Infection control and medication safety are important for your good health so you can enjoy the holiday season.
Germs Are Everywhere! Wash Your Hands!
Did you know that 80% of communicable diseases are transferred by touch? By touch, we mean touching food or touching one’s own mouth, eyes and nose. Dirty hands spread foodborne illnesses like Salmonella, E. Coli, Staph and diarrheal infection. Touching the face with dirty hands spreads illnesses like pneumonia, the cold and the flu.
It’s most important to wash hands before preparing food and after using the bathroom. Only 20% of people wash their hands before preparing food. Just under 75% of women and 50% of men wash hands after using the bathroom. Every time a toilet is flushed with the lid up, a fine mist of bacteria such as E. Coli and Staph is spread over an area of 6 square meters. Ugh!
Most bacteria is on the fingertips and under the nails so be sure to wash well, at least 15 to 20 seconds with clean water and soap for infection control! Then dry hands and use the towel to turn off the faucet.
Waterless Hand Sanitizer Helps with Infection Control Too!
If hands are not visibly dirty, you can use hand sanitizer. Using hand sanitizer for 30 seconds kills as much bacteria as two minutes of hand washing and keeps infection under control .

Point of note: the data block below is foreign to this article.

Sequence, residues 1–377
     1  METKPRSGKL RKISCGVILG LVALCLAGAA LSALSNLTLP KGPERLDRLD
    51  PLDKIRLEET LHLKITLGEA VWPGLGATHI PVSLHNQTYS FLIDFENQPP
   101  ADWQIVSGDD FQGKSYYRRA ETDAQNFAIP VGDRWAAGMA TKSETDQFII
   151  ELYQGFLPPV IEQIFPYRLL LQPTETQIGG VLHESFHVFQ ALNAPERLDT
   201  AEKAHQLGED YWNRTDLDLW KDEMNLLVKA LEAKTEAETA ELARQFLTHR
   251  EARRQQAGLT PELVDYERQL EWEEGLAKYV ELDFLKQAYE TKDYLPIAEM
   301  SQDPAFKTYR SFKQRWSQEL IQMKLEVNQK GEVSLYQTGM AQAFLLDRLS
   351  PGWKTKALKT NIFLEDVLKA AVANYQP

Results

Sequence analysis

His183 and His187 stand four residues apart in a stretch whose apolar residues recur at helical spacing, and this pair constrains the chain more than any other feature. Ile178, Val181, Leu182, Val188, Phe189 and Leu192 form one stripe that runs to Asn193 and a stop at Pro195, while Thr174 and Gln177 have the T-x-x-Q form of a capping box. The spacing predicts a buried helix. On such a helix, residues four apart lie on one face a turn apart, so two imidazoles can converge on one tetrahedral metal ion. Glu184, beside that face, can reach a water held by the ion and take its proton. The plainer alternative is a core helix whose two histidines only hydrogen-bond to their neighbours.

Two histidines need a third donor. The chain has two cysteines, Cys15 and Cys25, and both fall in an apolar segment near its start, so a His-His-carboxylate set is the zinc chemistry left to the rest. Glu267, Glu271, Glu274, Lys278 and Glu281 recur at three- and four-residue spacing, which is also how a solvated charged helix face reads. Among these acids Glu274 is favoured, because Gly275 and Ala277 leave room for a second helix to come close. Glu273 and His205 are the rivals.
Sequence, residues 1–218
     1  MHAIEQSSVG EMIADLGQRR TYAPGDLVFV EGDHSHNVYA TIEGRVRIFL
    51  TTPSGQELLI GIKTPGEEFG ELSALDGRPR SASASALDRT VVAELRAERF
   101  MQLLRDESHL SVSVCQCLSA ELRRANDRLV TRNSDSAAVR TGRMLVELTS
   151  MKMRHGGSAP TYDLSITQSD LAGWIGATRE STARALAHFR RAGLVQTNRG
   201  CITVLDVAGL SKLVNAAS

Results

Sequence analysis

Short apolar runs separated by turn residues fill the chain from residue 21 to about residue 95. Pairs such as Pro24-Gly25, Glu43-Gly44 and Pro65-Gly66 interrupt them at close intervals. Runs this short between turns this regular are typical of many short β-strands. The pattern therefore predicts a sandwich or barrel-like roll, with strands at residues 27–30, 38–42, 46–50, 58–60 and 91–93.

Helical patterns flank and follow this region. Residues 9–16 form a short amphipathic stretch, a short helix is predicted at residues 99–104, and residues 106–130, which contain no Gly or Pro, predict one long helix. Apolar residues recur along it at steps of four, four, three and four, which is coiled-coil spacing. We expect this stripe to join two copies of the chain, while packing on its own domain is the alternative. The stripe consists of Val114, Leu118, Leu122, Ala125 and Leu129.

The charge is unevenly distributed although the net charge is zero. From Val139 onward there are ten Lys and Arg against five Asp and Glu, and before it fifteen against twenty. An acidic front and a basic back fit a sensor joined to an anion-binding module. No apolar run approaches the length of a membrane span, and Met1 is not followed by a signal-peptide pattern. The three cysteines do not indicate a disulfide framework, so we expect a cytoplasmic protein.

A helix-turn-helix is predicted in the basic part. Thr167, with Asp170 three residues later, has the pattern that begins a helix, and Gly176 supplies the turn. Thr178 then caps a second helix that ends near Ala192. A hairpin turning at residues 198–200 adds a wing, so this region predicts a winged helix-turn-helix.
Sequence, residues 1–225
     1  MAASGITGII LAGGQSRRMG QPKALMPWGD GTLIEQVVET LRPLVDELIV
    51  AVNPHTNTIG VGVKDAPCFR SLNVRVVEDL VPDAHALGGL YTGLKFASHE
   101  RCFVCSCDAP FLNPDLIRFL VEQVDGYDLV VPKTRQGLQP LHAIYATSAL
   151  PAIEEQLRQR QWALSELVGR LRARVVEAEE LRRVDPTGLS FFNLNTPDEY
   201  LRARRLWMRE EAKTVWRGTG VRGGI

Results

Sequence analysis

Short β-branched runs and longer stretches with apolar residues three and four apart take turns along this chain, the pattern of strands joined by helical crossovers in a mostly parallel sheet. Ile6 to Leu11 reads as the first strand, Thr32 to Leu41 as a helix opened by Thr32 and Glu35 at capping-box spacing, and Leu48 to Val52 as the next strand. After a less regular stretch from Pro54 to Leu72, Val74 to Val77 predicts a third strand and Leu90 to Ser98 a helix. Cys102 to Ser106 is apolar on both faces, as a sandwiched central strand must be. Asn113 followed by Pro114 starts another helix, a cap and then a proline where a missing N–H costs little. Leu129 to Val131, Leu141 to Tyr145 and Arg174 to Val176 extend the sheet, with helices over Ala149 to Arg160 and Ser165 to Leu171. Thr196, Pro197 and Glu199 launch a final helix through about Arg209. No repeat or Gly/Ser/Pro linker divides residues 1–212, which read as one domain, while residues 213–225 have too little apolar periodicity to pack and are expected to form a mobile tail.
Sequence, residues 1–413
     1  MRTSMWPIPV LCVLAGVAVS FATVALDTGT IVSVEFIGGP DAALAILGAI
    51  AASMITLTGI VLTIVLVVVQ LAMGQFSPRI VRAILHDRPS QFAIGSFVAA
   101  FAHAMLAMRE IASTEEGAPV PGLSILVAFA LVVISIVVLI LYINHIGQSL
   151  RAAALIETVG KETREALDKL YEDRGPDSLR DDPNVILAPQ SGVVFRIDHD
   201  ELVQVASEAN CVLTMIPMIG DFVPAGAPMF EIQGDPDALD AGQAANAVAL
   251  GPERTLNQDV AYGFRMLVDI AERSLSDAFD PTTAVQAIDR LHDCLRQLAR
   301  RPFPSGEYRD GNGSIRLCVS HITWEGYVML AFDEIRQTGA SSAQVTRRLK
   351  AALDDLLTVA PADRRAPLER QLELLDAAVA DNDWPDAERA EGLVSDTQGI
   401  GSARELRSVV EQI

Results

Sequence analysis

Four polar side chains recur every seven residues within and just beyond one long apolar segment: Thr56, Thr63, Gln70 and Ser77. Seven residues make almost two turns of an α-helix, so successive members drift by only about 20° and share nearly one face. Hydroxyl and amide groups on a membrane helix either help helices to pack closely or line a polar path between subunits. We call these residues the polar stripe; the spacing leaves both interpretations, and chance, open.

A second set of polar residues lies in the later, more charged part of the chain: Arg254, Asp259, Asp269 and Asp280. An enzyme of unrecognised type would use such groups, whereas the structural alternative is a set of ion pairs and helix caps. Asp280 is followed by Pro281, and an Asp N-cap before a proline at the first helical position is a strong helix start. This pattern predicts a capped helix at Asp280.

Well, you’re getting older and probably taking more medicines. This means there is a greater risk of drug interactions and other complications. Keep these important tips in mind.
- Take medicine as prescribed. Do not skip a dose or stop a medication without checking with the doctor.
- Keep an up-to-date list of medications, dosage and reason for taking.
- Be aware of potential drug interactions and side effects by reading labels. If you see more than one healthcare provider, be sure to tell them about all the drugs you take.
- Review your medications at least once a year with your healthcare provider including vitamins and supplements.
Proper Disposal of Unused Medications
Flushing medicine is dangerous because drugs can get into water systems and affect people and wildlife. Many communities have started “take-back” medication disposal programs sponsored by local law enforcement. You can contact your city or county for more information on these programs.
If a “take back” program is not available, most expired medicines can be mixed with an unpalatable substance like dirt, kitty litter or used coffee grounds, and then placed in a sealed plastic bag and put in the household trash.